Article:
--in which not only did Dr. Francis Collins, head of the NIH, talk about the AMP, but also sang about it self-accompanied on his guitar (which, he explained, suitable for the former head of the Human Genome Project, has a double helix inlaid in mother-of-pearl on its fretboard).
I’ll let you enjoy the music if you wish on the audio and turn straight to the written transcript.
Here’s how Dr. Collins explains the AMP:
So more than 1,000 new drug targets have emerged in the last five years from that kind of study, but it's very hard to sift through them and pick out which ones are going to be the real home runs that we're all looking for…. this is full 50/50 skin-in-the-game kind of collaboration, $230 million committed to this over five years, half of that coming from NIH, half of that coming from the 10 companies that are participating. The scientists from both sectors will sit around the same table and work together to make this happen in a fully open access atmosphere…. We already have detailed research plans for these disease areas that have been worked out over the past year with very clear milestones that have to be met. This is not one of those where everybody goes off and plays in the lab. We are really serious here about making real progress.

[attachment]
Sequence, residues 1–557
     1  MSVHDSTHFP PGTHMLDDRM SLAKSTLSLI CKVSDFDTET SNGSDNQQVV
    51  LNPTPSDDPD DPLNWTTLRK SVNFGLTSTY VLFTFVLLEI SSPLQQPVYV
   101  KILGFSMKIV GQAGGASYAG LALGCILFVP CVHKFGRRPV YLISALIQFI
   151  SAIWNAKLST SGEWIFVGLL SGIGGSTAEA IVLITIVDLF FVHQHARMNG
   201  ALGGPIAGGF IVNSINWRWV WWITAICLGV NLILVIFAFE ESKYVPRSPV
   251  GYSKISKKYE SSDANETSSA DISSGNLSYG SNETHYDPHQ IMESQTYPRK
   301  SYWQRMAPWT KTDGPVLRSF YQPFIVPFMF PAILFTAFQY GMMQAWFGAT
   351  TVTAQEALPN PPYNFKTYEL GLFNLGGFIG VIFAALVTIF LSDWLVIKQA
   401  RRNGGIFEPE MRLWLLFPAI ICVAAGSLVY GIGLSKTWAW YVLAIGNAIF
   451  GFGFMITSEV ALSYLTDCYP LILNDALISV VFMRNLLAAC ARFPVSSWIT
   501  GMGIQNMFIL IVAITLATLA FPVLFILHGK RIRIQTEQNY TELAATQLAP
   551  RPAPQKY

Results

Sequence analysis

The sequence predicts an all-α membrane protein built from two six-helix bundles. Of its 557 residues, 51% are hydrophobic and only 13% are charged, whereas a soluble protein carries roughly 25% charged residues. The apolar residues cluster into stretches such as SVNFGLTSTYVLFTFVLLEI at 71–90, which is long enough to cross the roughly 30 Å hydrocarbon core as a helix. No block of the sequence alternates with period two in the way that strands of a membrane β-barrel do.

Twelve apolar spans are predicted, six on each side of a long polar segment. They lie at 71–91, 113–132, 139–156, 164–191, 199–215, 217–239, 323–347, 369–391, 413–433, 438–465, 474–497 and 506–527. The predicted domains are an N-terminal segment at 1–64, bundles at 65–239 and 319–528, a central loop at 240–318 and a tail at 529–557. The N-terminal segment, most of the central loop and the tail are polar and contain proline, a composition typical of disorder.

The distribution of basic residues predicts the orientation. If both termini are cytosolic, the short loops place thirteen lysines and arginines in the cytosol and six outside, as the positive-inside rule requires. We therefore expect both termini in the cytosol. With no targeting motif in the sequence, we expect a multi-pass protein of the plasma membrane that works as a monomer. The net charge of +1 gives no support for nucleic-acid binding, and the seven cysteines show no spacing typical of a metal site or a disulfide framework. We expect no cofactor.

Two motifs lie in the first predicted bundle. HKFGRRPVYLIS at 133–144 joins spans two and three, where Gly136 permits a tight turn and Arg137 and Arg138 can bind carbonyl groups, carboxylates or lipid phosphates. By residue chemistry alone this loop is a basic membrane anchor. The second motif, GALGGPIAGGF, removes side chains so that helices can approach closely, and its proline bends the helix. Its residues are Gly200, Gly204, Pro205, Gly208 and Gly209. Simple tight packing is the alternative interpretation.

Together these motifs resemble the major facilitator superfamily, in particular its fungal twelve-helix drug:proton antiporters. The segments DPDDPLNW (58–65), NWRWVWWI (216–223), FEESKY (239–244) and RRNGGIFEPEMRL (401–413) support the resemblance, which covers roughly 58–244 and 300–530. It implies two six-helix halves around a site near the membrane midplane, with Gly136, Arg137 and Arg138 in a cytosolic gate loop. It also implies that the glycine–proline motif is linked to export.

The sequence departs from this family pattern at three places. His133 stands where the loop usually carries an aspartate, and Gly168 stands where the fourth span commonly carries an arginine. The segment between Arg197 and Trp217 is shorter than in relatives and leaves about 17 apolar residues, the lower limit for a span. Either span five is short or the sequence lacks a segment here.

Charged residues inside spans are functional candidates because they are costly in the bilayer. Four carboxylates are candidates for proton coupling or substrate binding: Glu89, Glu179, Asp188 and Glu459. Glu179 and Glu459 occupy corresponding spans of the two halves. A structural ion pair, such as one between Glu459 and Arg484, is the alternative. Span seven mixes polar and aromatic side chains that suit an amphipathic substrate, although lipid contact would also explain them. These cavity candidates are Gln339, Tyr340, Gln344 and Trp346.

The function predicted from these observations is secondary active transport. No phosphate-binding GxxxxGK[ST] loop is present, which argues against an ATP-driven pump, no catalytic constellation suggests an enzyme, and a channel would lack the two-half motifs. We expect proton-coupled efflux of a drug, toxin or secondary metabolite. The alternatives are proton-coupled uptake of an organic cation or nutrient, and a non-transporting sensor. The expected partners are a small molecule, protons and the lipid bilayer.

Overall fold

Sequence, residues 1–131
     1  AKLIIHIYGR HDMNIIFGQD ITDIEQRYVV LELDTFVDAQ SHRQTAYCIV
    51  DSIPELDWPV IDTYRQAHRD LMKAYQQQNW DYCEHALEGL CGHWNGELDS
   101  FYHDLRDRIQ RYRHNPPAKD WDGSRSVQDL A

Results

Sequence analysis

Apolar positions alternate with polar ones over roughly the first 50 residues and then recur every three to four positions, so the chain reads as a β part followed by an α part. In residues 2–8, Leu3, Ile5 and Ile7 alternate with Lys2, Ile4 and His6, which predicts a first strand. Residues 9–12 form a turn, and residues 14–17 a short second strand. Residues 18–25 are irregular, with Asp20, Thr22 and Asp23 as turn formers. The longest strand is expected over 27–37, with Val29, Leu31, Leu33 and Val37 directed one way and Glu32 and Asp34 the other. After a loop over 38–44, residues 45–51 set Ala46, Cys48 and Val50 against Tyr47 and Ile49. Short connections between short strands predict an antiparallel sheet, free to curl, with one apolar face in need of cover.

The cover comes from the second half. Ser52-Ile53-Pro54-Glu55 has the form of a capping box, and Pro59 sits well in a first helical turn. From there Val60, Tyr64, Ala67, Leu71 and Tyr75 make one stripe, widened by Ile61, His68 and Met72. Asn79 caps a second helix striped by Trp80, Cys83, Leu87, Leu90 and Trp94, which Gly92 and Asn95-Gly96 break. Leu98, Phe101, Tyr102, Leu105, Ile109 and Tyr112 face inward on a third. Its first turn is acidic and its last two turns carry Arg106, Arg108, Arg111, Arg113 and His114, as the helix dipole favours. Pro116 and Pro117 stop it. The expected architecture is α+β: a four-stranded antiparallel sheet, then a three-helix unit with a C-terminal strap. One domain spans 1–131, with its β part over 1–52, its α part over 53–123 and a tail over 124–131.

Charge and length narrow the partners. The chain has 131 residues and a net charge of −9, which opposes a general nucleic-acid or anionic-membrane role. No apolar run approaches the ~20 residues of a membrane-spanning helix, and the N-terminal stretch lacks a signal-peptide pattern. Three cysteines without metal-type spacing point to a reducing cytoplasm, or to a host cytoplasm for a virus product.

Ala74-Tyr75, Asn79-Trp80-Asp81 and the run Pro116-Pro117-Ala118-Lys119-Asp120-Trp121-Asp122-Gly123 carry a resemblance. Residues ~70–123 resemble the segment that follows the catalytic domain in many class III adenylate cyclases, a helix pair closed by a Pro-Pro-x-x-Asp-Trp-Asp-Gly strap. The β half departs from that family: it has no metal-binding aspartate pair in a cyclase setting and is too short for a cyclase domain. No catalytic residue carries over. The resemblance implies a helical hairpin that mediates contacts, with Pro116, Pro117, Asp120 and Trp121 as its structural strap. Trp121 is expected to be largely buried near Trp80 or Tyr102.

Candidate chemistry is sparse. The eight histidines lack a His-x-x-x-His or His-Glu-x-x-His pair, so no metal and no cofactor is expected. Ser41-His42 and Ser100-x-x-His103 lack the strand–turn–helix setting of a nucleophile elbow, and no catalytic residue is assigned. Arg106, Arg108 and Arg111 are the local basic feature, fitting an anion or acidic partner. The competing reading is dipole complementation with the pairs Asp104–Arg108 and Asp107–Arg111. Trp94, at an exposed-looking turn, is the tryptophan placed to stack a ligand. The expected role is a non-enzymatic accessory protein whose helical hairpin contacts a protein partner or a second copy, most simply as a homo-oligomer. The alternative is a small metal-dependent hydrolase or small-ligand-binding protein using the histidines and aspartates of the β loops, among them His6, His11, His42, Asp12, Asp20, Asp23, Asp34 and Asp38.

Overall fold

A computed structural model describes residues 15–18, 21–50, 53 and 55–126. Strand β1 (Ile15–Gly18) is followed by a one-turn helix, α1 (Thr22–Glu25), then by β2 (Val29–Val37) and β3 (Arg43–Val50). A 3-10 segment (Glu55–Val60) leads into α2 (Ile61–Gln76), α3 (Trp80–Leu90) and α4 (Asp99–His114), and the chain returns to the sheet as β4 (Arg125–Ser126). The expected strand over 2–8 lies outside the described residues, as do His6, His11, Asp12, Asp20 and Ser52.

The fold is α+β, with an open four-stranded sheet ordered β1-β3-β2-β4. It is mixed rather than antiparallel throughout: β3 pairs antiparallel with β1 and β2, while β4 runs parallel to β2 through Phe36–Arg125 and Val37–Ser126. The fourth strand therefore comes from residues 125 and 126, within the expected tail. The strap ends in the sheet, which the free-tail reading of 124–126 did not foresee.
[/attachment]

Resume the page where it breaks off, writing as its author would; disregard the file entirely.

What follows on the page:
Well, in this phase of trying to identify the next generation of drug targets, everybody agrees that this is precompetitive, and that is that all the information has to be openly shared both within this consortium and for anybody else who's watching. The competitiveness, Diane, kicks in once you've identified, oh wow, that particular molecule is a really promising target for the next generation of Alzheimer's therapy…. Then every company will run off and do what they do really well… And we want them to do that. That's good competition. That means that things move quickly and there's lots of ways that you can get to yes.
Let me see if I can make sense of this from the standpoint of the view of current pharmaceutical science that I proposed in HOOKED. I suggested then that the current drug pipelines were so dry because there are only a limited number of molecules that do useful things in the human body without killing us. Not that there would never again be a “golden age” of major advances in drug therapy; but the new golden age would not come from drug companies doing cranked-out research on their assembly line—it would require breakthroughs in our basic understanding of disease, discoveries that the NIH and academic centers are better able to make than industrial labs. So Take Home Message #1, I hear Dr. Collins saying that we’re poised to enter another age of advancement, that basic science research has now identified a bunch of exciting new possibilities—locks that we now need to discover the keys to.